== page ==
By Chris Hoyer, Retired Police Officer

First responders often struggle with the anticipation of retirement for various reasons, including concerns about a lost sense of purpose, being disconnected from their peers, and thoughts about what is next (First Responder Retirement Academy, 2023; Robb-Dover, 2021). After years, even decades, on the job, it can be difficult to imagine life beyond the badge. Generally, the uncertainty of what retirement will be like can be uncomfortable and anxiety-provoking. While there is much to look forward to (e.g., more time with family, freedom to travel, and relaxation), experiencing such a significant change is not easy. Though, this is not always widely discussed. Retired officer Chris Hoyer explains his perspective and offers advice for the next generation of retiring officers below.

Retired First Responder: Now What?

Retirement. I never knew how important that word could be to me.

Twenty years and 64 days, and believe me, that was more than I could handle. During my time in my department, I experienced more than I would ever have dreamed of, even after I had considerable experience under my belt.

After my fourth Officer-involved shooting (but my first gunfight), I thought I was still squared away. May 18th, 2016…the day it happened was when I really “checked” out of law enforcement. On July 5th, 2018, when I physically retired was when I figured it out. Where I failed was not noticing or acting when the issues became problems.

Sleep deprivation, anxiety, short-tempered, no-care attitude, and a few more to boot. Luckily for me, these were the big ones. Unlike many other folks who experience much more significant issues, I was lucky they were manageable.

After I realized I needed to take care of myself, I trolled back to my early pre-hire days. It dawned on me that in those days, I began setting goals. Something I had never done before. So, it seemed logical to follow that same path. Now what did the new goals look like?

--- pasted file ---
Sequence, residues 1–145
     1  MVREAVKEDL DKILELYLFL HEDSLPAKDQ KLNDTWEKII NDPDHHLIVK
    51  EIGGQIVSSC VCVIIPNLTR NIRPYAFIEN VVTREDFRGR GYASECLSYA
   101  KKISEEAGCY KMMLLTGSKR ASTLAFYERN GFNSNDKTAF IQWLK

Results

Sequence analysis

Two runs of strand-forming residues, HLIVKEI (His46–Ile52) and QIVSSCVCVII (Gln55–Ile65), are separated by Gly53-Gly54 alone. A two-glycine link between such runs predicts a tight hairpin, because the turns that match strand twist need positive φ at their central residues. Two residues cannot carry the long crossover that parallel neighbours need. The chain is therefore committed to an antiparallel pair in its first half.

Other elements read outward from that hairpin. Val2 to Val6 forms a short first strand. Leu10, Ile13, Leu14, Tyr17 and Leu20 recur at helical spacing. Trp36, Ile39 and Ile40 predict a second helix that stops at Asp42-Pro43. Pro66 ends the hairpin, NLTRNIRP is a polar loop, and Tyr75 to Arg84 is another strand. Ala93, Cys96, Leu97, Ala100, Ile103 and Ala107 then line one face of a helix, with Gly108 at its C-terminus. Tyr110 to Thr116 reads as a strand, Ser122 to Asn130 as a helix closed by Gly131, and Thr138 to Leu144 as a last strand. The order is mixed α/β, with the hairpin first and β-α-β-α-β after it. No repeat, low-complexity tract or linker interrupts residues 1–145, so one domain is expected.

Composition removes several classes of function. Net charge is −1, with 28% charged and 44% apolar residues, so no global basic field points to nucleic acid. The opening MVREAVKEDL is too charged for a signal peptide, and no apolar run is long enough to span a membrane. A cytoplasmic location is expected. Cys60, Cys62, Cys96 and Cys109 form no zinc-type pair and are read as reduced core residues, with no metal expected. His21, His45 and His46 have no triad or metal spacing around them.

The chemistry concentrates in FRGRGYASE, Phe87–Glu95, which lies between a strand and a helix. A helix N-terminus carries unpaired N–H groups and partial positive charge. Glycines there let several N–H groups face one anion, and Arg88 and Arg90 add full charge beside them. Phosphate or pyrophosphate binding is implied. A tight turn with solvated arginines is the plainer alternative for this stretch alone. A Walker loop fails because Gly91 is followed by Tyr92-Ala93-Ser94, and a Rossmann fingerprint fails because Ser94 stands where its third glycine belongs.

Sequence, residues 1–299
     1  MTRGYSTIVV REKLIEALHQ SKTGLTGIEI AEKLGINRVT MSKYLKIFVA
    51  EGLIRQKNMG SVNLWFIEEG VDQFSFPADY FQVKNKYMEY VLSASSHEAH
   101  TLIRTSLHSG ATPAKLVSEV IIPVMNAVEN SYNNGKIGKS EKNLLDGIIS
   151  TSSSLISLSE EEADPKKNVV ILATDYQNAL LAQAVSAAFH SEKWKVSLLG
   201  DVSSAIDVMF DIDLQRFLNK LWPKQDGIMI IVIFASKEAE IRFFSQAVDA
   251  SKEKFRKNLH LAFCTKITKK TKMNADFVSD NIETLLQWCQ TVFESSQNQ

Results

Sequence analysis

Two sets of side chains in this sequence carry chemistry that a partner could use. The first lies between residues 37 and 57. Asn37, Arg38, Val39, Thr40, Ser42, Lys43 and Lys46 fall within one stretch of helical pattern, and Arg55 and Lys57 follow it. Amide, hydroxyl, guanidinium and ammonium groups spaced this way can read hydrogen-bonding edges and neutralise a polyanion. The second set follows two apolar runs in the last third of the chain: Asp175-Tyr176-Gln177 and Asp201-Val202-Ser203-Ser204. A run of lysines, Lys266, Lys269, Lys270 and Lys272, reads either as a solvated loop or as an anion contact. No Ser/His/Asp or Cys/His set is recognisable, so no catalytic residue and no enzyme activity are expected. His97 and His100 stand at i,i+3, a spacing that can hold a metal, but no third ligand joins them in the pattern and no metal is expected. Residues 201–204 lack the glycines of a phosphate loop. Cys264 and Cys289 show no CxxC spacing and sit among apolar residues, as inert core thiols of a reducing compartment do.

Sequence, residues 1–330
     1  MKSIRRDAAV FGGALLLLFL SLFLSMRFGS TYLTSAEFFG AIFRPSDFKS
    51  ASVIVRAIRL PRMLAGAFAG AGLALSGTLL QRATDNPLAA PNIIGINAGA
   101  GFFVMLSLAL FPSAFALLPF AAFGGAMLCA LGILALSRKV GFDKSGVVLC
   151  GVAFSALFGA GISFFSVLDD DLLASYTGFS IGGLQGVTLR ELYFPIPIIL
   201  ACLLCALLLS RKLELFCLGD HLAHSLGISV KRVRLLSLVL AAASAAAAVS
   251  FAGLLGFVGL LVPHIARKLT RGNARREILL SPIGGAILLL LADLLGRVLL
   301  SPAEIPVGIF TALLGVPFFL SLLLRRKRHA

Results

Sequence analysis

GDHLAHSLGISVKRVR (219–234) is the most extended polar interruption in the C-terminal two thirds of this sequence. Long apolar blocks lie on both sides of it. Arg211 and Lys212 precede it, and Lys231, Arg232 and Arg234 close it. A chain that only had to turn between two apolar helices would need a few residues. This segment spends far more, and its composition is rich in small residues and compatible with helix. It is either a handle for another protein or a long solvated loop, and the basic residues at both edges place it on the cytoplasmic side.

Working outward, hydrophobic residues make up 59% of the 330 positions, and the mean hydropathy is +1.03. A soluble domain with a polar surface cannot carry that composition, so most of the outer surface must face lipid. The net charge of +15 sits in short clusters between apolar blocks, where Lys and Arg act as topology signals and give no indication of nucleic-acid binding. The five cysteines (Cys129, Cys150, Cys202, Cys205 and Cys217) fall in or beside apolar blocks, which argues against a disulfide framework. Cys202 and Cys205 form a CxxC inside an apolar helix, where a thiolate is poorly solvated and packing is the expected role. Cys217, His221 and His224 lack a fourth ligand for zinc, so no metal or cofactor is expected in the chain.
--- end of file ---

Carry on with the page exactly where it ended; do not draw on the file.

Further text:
More than goals, they were dreams. But how do we achieve our dreams?

Setting Attainable Retirement Goals

A stolen quote from a favorite of my movies is…in dreams begin responsibilities…YES. For me, it was:

  • Move to the ocean
  • Find a way to train the law enforcement community in tactics and wellness and more
  • Become a professional public speaker
  • Write a book

All very attainable goals…DREAMS, and as it turned out, not a herculean effort was needed. Just some grit and determination. As many folks do, I also experienced divorce, so moving out of state was now much simpler. I got hired as a recruit training officer for a local police academy. I had been speaking for a few years but refused to be paid for my efforts. After I realized I still had to eat, combined with the idea that “free” stuff often comes with no value, I began reluctantly charging. I was surprised to find that not only was I getting paid, but my presentations started becoming more detailed and applicable.

After a buddy was killed during the worst day of my professional and personal life, I began writing. Three years later, I was holding a copy of my book in my hands. This was a major accomplishment. It certainly didn’t take me long to realize that I had worked hard for my career. And now, I had worked even harder to live the life I had always longed for. And despite being stubborn, I finally admitted that I deserved it.


First Responder Retirement Academy. (2023). What do you do when you no longer need your daily adrenal rush?

Robb-Dover, K. (2021). Mental health after retirement – Common issues for first responders. FHE Health.

About the Author

Retired Police Officer, Christopher Hoyer is a protector, survivor, and advocate for mental, physical, emotional and spiritual wellness.

After over 20 years as a street cop, having been faced with the worst horrors imaginable, he has turned his focus to public speaking and writing various articles worldwide. Having recently published a book he is helping the law enforcement and first responder community prepare for the trauma and joys that come with the job. He has spoken to thousands, including first responders, mental health advocates and various professional entities, sharing his story in hopes of saving lives.

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For resources on stress management, please visit our Stress Management and Burnout resource page.